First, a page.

Creating an Exploratory Testing Charter


Tricentis Staff

Various contributors

Date: Dec. 23, 2018

An exploratory testing charter is a mission statement for your exploratory testing. It is a component of session based testing that precisely and concisely describes what you are looking for in your test session.

But before we get into charters – what are we talking about when we say “session based testing”?

Session based testing is a method of structuring exploratory testing that creates constraints around the test being executed. Session based exploratory testing makes it possible to scale exploratory testing for larger implementations and organizations while helping you to perform exploratory testing with consistency, which allows you to measure its success at the end of the day.

That’s where an exploratory testing charter comes in. The core object of the software testing session itself is the session charter. While there are many variations on how to create an exploratory testing charter, they tend to include a fairly standard set of information:

Filled out by the Session Owner

Exploratory Testing Charter Purpose: A 1 sentence summary of what the session is designed to accomplish.

Testers: List the testers cooperating the session.

Date: The dates during which the session will take place.

Timebox or Duration: The amount of time within which the testers must complete their test.

Target or Scope: The features of the application that will be covered in the session. You can take this section further and also include which features will not be tested. Making this distinction can be helpful when you are working with features that are closely interlinked within an application.

References or Files: (Optional) Provide the testers with anyadditional information that will help them successfully complete their mission.

Tester Tactics or Tester Charter: If you have a team of testers working on a single session charter, you may want to have each of them take a different approach to completing the exploratory testing charter. For example, you may want one tester to take an emotional or impulsive approach to executing the test, while another should focus on the logic and facts of the system. This is a common approach to designing tests which is based on “The Six Thinking Hats“, a method of parallel thinking developed by Edward de Bono. In this section of the session charter, you can detail for the tester the specifics of the “hat” you would like them to wear while testing.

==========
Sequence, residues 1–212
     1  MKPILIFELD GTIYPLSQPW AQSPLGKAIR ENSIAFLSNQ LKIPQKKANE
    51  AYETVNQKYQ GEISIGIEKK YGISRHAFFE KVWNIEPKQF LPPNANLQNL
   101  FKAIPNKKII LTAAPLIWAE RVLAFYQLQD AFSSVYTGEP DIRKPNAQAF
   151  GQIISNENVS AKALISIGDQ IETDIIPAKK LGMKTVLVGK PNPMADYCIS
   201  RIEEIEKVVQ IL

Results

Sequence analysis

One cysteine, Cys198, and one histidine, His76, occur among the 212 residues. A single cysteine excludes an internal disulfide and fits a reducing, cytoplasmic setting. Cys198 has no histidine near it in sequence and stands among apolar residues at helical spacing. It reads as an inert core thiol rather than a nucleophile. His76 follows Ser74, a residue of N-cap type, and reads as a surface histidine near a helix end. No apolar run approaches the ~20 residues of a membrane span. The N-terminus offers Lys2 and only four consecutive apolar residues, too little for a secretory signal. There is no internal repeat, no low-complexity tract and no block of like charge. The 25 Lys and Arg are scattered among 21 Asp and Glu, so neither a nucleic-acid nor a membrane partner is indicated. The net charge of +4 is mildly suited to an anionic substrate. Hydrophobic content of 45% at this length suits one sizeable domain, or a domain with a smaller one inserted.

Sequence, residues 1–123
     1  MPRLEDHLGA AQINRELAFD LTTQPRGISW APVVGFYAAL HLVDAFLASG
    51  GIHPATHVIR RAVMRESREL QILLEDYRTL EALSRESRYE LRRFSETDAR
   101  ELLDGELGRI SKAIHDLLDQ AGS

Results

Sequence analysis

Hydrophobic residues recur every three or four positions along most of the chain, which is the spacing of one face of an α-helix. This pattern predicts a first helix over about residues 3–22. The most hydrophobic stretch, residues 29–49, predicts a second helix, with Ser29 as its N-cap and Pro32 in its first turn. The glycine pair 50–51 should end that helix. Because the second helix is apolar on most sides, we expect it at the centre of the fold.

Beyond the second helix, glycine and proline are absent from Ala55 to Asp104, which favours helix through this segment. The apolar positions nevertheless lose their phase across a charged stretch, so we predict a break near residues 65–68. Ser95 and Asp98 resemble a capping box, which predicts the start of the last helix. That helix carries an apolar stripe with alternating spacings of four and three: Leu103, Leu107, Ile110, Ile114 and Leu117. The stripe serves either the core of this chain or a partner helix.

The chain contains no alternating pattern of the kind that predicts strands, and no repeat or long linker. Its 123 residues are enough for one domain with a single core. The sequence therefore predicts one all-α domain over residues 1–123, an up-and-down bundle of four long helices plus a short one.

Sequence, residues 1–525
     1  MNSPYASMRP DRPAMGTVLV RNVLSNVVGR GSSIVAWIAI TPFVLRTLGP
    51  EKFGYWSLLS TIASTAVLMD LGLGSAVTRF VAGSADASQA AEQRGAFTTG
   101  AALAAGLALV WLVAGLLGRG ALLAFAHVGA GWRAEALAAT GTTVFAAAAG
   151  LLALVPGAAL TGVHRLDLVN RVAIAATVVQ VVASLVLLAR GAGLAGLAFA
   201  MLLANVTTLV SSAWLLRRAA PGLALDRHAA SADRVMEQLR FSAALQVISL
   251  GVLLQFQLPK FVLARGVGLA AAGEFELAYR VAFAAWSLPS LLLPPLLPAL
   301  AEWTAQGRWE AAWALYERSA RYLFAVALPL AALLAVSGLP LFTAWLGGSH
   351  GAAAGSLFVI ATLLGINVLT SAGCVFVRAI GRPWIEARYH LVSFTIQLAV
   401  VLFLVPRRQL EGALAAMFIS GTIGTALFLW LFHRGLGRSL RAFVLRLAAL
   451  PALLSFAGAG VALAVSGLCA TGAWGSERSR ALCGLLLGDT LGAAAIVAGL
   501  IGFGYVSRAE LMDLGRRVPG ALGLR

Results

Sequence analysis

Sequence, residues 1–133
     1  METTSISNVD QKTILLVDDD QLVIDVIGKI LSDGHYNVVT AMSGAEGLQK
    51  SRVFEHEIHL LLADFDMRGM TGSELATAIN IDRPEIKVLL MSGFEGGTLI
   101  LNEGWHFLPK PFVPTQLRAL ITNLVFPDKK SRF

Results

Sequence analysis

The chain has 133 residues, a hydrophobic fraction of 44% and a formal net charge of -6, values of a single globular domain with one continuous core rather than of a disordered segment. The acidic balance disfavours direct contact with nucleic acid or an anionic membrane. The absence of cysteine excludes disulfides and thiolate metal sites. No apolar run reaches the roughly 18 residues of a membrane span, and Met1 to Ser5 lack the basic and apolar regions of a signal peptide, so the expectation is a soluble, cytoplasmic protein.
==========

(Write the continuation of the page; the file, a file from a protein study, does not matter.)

Filled out by the Testers

Test Step Documentation: Documentation is often the most challenging aspect of exploratory testing. Testers must log each of their test actions so that, when they find a bug, that bug can be reproduced and fixed by the developers. While there are exploratory testing tools on the market that assist with this task in the form of automation screenshots, test action recording, and more, there are many exploratory testers who still document their steps manually in a Word document or Excel sheet. However you decide to have your testers document their actions, they will need to log each of their test steps to ensure that their findings are reproducible if needed.

Issues Flagged: A summary description of the bugs discovered and flagged during the session.

Test Notes: Observations from the test that may be of interest or useful to the session owner, developers, or product owners.

Conclusion: Summary on findings of the test and it’s overall results.

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Creating An Exploratory Testing Charter

A look at exploratory testing charters, their place within session based exploratory testing, and how to set one up. Read more.

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An exploratory testing example using a Google Maps scenario. Read more.


Tricentis Staff

Various contributors

Date: Dec. 23, 2018

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